Idaho National Laboratory chemists are studying the potential of lasers to help clean up chemical and radiological contamination. The goal is to increase the nation’s ability to respond to “unconventional” terror attacks such as dirty bombs. Experiments are ongoing, but results thus far are very promising.
Laser technology can also scale up to perform large-scale decontamination jobs. Some cleanup and restoration firms, such as adapt laser system, are already using lasers to scrub soot off building facades. Further, these industrial operations often use automated lasers, demonstrating that laser work can be done remotely. This would minimize risks to remediation personnel responding to a terrorist attack. Fox stresses that laser decontamination is a tool in the proof-of-principle stage.
In theory, chemists already know how to clean up radiological contaminants. They can “chelate” affected areas, for instance, using grabby, reactive chemicals to wrench radionuclides off surfaces. But in the real world, that’s easier said than done. Many building materials — like cement and brick — are extremely porous. “Getting contaminants off surfaces is difficult,” says INL chemist Gary Groenewold. “They start inhabiting cracks and pores.” Water inhabits those cracks and pores, too, and that’s where lasers come in. Fox, Groenewold and their colleagues have shown that laser pulses can flash that water into steam, carrying the contaminants back to the surface for removal by chelation or other means. “It’s a kind of laser steam-cleaning,” Fox says.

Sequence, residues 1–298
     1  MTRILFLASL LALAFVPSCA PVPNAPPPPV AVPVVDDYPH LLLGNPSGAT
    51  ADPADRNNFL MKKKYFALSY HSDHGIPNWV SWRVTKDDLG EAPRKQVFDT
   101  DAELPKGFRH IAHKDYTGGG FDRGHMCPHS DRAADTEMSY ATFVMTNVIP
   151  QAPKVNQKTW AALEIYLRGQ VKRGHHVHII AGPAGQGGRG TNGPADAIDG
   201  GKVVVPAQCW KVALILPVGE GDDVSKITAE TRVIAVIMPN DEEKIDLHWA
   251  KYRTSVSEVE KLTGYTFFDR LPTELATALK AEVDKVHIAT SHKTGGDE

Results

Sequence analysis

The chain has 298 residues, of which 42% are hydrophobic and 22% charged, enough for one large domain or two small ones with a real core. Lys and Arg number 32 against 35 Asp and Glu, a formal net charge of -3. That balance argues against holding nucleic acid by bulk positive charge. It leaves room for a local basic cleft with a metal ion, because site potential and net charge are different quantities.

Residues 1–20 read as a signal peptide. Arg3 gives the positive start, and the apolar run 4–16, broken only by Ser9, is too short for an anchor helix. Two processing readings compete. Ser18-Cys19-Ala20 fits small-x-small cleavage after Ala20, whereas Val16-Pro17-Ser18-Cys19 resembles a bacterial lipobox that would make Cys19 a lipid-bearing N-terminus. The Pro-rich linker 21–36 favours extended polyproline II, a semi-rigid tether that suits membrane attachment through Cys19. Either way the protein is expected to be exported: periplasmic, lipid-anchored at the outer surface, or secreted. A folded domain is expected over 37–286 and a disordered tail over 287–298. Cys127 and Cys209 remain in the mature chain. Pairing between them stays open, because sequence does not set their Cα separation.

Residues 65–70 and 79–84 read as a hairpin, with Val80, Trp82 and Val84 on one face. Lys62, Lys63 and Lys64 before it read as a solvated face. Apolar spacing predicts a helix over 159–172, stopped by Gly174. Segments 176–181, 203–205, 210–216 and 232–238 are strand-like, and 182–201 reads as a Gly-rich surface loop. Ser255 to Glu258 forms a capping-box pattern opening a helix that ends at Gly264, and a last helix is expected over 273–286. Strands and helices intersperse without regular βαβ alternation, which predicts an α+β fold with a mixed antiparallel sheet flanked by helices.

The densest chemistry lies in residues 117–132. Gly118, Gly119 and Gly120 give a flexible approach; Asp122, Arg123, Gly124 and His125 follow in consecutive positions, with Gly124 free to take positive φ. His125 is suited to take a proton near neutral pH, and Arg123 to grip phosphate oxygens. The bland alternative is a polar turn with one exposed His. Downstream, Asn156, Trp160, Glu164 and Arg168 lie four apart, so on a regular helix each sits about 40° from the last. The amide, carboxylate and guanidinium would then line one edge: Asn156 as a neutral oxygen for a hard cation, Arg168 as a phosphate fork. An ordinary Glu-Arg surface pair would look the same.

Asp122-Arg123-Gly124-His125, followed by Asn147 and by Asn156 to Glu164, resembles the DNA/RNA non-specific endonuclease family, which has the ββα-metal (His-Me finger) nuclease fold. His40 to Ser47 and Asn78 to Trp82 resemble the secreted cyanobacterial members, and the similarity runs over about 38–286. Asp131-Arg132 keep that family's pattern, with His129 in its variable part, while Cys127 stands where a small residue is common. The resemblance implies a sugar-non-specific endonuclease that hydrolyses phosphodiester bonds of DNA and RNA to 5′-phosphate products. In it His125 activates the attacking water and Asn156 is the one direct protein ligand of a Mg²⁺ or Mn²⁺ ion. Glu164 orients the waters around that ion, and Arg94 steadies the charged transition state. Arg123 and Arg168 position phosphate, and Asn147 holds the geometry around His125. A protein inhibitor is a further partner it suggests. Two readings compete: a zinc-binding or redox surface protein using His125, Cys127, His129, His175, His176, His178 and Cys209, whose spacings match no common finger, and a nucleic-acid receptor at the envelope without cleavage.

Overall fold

Cleaning Up Chemical Agents
The INL team has extended its work to chemical-weapon decontamination, another high national-defense priority. Nerve agents like sarin, VX and sulfur mustard are extremely dangerous, and cleaning them up can be difficult, costly and time-consuming. Most preferred methods employ other chemicals — bleach solutions, for example — which must themselves be dealt with.
Ultraviolet light breaks down a chemical agent inside a quartz cuvette. The brown material is the decomposition byproduct.
“Using bleach creates a lot of secondary waste, which you have to collect and dispose of,” Groenewold says. “And bleach is quite chemically aggressive, meaning it may well damage the structures you’re trying to decontaminate.”
Again, lasers show promise as a possible remediation upgrade. In a series of tests still under way at the U.S. Army’s Aberdeen Proving Ground, the INL team has been using ultraviolet-wavelength lasers to scrub surfaces of sulfur mustard and VX. The tests have been successful so far, even on complex, porous surfaces like concrete.
Lasers can degrade weapons like VX in two ways: photochemically or photothermally. In photochemical decomposition, high-energy laser photons blast apart chemical bonds, slicing the agent into pieces. In photothermal decomposition, photons heat up the target surface enough to speed along natural degradation reactions. In some cases, the intense heat by itself can cause contaminant molecules to fall apart.
Some chemical agents are susceptible photochemically, others photothermally. Knowing how chemical contaminants fall apart is key, because some of their degradation products can themselves be hazardous. But according to Fox, the tests look good in this regard, too.
“The lasers are showing neutralization of agent without generation of dangerous byproducts,” he says
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